13. Your master (mind) is fickle and indecisive. Sometimes it makes you do things that make you feel pain. It is not perfect.

14. A good man will train himself in a way that his behaviors content him and also benefit those around him.

15. A man committing a horrible crime is actually an act that took many years and countless negative influences to accomplish. It was not a spontaneous behavior.

16. “Temperament is born, not made.”

This book was absolutely brilliant and ranks aside Walden as a work that helped right my wobbly balance. I did sense a touch of Eastern philosophy within its pages, particular how thought is independent of self. While I do think that genetics play a larger role than Twain suggests, it’s a mere minor fault in one of the best book’s I’ve ever read. Highly recommended.

Read More: “What Is Man” on Amazon (free Kindle edition)

23 thoughts on “16 Things I Learned From Mark Twain”

  1. Going to get this today, thanks. One minor point: #3 is empirically false in today’s world.

    1. totally espically if its western(american in particular) music/culture/influnce/clothing/etc in other traditional countrys….dam globalization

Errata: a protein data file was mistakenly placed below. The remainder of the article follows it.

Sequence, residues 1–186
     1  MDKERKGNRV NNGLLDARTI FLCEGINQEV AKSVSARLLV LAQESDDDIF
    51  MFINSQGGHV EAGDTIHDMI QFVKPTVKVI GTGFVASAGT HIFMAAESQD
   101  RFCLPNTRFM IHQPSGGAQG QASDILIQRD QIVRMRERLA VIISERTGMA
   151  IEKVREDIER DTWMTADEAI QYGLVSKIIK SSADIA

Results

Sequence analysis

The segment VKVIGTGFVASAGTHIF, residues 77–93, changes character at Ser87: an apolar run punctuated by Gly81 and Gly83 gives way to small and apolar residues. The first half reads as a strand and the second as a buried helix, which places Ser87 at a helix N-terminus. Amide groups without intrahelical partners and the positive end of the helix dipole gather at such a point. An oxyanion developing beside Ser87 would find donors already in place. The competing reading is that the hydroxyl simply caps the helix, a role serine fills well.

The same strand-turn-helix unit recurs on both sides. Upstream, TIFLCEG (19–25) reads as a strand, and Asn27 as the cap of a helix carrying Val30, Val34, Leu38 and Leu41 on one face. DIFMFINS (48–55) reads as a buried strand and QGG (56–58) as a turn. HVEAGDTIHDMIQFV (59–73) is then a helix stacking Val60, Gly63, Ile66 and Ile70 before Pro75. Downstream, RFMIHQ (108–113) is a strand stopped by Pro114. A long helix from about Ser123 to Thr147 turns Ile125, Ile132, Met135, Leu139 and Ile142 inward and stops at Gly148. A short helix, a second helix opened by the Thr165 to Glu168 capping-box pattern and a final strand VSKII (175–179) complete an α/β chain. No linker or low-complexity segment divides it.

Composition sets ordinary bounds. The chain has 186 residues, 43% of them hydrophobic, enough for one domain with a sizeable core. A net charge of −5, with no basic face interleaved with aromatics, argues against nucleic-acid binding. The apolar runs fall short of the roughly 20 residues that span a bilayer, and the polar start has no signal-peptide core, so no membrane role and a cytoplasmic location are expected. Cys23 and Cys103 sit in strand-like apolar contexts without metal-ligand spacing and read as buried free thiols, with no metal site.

2. You are thinking too literally. Twain is saying that mastery of anything is only relevant in a particular milieu. There is no absolute, for-all-time mastery.

  2. He also said “it is easier to fool someone, than to convince them they have been fooled”
    Consider how that idea might be applied to interactions with women…

  3. “15. A man committing a horrible crime is actually an act that took many years and countless negative influences to accomplish. It was not a spontaneous behavior.”
    How relevant is this to Christopher Dorner….hmm?

  4. Some of these are spot on, but many are heavily cynical, and belie the possibility of anyone ever performing a selfless act. I can think of many people I have personally known that contradicted a lot of these points.

  5. Twain’s philosophy shows strong influences from Herbert Spencer, an influential philosopher at the time Twain wrote his book (early 1900s).
    The one big thing I’ve learned from exposure to philosophy is that it is critical to sample many different philosophers. Ancient, medieval, and modern philosophy should all play a part in our intellectual development. Rarely does any one writer have the last word, and no school of thought has all the answers.

  6. Many pearls of wisdom indeed. I:ll have to pick a copy. I agree with Chase on 3 however. Good stuff. I have a growing addiction to ROK.

  7. There is a philosophy which asserts that we ultimately manifest into what we think about and desire. There is no point in fighting it as it, it should be embraced and developed to its full potential. Don’t be steered away by the conventions of others. Even Popeye said “I am who I am.”